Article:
- By Zakiya Afzani
Yesterday saw the British extremist group EDL march on Birmingham, the second largest city in the UK, in a fascist rampage rioting in an attempt to remove Muslims and non-white people from the city. Bizzarly EDL are not banned in the UK despite essentially and simply being de facto evolutions of outlawed NF and BNP far right white supremacist extremist groups.
EDL was born out of the tiny city of Stoke-On-Trent, near Manchester. Stoke-On-Trent was voted the worst place to live in the UK 17 out of the last 18 years coming bottom in national leagues for income, corruption, police violence, racially motivated hate crimes, obesity, education and health.
UK born and raised, proud Brummy, second generation Bosnian-Pakistani girl, Saffiyah Khan said she felt compelled to step in when EDL leader, Ian Crossland and more than 25 of his aggressive and violent male supporters surrounded and attacked a lone woman wearing a hijab whilst police simple stood by and watched.
Saffiyah, who was not attending or participating in any rally or counter protests and was a simple passer by, witnessed the EDL protest in Birmingham yesterday and claimed police “did nothing” to protect the woman being attacked as they simply watched the large group of violent males attack the lone girl.
When Saffiyah stepped in, the gang of extremists turned on her and she was caught in a stand-off with Crossland which was caught on camera.
Saffiyah remained calm at all times, placing herself in the path of the aggressive males to protect the female stranger she was saving and simply smiled when threatened with physical harm and violence.
Saffiyah is seen stood with her hands in her pockets calmly looking down at irate Crossland who had his hands poking at Saffiyah’s face.
The image which immediately went viral was missaproproated many thousands of times despite the heroic actions.
Good Morning Britain host, controversial presenter Piers Morgan tweeted the snap and wrote:
“**PHOTO OF THE WEEK** contemptuous Asian woman.”
This drew condemnation for inaccuracies and racism in itself, Saffiyah is British born and raised to a Bosnian Mother and Pakistani Father, many took offence that all British Muslims should be described as “Contemptuous and Asian” by the presenter.
“I’m a Brummie. This was happening in Birmingham. I am not a political activist. I wasn’t in a confrontational role, I wanted to keep a low profile. I wanted to look after her, because Muslims and people of colour are often abused. Nothing was really happening until the woman in a headscarf called an EDL member racist.”
“About 25 EDL people ran over and surrounded her. She looked absolutely terrified. I still hung back and waited for the police to sort it out. I waited two or three minutes and but the police did nothing, so I decided to go and try and get her out of there. It all happened very quickly. She left, but then The group turned on me. Ian Crossland was poking his finger in my face, but I just stood there. I didn’t do anything, I wasn’t interested, that wasn’t my intention. I couldn’t understand what was being said though to be honest, it was all very mumbled. I wasn’t scared in the slightest. I stay pretty calm in these situations. I knew they were trying to provoke me, but I wasn’t going to be provoked. I was just holding out. Then I was just pulled out of there. I have lost my anonymity because of the picture, but on balance it was worth it.”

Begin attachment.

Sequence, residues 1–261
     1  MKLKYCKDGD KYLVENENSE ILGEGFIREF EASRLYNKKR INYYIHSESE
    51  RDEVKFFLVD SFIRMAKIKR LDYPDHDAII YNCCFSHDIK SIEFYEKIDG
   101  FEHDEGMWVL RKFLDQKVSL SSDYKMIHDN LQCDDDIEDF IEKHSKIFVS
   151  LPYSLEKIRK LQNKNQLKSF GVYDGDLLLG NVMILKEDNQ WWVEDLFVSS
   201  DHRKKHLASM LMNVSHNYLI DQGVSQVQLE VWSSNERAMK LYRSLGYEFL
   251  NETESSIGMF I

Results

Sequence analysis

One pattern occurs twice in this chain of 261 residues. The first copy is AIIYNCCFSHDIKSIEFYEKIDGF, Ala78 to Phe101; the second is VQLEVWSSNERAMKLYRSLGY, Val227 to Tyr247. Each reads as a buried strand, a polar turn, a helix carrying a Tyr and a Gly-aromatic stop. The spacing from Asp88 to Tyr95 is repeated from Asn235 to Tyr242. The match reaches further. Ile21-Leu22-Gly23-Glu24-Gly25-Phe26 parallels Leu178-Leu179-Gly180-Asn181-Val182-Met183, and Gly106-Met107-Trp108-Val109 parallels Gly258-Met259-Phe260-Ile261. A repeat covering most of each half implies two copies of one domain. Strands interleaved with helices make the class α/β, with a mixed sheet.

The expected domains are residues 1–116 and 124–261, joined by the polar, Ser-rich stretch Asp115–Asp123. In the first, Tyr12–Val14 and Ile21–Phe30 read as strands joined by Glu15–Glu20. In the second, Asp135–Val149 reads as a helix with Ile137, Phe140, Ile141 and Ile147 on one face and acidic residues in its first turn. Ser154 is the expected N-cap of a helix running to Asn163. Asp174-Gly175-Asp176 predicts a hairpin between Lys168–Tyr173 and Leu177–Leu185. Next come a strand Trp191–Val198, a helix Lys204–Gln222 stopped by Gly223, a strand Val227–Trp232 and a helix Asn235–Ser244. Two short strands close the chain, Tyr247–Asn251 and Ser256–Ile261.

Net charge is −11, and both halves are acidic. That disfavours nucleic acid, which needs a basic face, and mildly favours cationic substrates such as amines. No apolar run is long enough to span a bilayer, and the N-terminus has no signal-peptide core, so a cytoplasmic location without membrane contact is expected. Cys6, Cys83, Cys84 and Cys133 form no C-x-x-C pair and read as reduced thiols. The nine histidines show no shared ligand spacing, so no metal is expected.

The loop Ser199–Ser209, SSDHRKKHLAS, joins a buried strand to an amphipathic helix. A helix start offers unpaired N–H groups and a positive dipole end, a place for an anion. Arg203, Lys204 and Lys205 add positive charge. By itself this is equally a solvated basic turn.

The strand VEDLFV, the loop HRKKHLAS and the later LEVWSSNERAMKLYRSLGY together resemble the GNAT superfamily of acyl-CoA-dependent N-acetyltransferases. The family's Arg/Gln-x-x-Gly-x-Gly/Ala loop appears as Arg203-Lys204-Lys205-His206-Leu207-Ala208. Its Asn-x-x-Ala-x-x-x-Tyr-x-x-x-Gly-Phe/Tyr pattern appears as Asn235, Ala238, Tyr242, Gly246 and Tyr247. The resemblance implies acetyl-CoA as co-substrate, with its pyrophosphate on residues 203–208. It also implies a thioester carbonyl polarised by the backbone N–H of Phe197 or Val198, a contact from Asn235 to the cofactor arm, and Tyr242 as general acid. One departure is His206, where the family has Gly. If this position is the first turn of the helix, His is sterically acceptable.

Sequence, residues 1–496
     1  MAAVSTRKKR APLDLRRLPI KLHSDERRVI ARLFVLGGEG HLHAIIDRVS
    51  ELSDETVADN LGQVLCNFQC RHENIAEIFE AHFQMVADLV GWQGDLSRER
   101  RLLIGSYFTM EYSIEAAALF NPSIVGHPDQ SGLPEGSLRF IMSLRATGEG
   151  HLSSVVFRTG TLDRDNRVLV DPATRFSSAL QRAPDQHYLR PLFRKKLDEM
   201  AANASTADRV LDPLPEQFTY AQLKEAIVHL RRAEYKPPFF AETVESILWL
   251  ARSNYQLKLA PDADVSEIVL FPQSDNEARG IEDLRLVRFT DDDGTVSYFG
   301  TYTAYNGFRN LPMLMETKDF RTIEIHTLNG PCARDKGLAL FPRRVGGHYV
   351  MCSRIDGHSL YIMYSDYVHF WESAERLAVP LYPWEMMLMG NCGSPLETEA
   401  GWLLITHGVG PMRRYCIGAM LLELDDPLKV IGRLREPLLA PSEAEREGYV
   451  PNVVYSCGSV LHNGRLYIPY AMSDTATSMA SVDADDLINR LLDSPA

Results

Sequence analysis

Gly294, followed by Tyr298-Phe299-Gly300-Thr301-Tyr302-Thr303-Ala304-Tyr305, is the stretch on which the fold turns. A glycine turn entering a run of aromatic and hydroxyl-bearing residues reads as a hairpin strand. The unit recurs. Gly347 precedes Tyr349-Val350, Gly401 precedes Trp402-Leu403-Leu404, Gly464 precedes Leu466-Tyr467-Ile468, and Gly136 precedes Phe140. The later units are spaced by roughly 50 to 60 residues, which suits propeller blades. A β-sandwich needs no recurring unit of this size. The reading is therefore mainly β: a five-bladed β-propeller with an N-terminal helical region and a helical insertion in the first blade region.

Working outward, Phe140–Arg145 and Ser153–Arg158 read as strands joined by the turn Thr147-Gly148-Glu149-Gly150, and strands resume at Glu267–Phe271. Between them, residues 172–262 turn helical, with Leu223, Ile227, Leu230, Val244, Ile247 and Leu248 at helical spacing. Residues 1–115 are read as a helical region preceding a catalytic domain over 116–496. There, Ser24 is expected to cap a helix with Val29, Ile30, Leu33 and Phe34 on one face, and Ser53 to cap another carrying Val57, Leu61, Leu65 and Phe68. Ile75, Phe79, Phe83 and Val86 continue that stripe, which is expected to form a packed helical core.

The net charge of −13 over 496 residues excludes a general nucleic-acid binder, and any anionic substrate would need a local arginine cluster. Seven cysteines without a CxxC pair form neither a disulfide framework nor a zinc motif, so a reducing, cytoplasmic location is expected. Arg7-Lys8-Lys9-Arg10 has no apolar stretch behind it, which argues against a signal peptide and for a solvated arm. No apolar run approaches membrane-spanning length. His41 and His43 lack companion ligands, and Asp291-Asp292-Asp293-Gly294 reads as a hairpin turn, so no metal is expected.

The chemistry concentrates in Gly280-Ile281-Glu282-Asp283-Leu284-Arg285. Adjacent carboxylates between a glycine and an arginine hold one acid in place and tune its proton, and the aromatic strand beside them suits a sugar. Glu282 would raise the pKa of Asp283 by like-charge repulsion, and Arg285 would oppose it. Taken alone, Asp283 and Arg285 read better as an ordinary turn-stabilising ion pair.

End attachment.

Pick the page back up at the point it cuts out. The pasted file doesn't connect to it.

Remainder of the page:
“I have probably been profiled by them now.”
Police offered Saffiyah no assistance or protection other than one photograph by the Associated press showing a Police officer catching the fist of EDL leader Ian Crossland as he attempted to punch Saffiyah in the face after repeatedly poking at her face with his finger. Crossland was not arrested for assault, or any other charge. Birmingham police hav come under extreme criticism over the incident which has been called clear consonance of violent racism and violence towards women.
Meanwhile Birmingham Central Mosque opened its doors to people of all religions and ethnicities for a ‘Best of British’ tea party in response to the EDL protest.
EDL switched their demonstration from the East Midlands to Birmingham after the Westminster terror attack , to highlight what it claims as a “continued increase in Islamic terrorism” linked to the city. Even though the Westminster attack was politically motivated and not connected to Islam.
Muhammed Afzal, Birmingham Central Mosque’s chairman, said communities in the city would remain united irrespective of their religion or race.
“When the English Defence League is rioting and trying to divide the community, we are holding this party just to prove to them that Birmingham is a multicultural, multi-ethnic and multi-faith community.” Afzal said.
West Midlands’ Police and Crime Commissioner, David Jamieson attended the party and claimed EDL was bringing “nothing more than division” to the region.
EDL riots have in the past seen severe injuries and city centres completely destroyed. In many countries EDL is listed as a Terrorist Group with members banned from entering the country.
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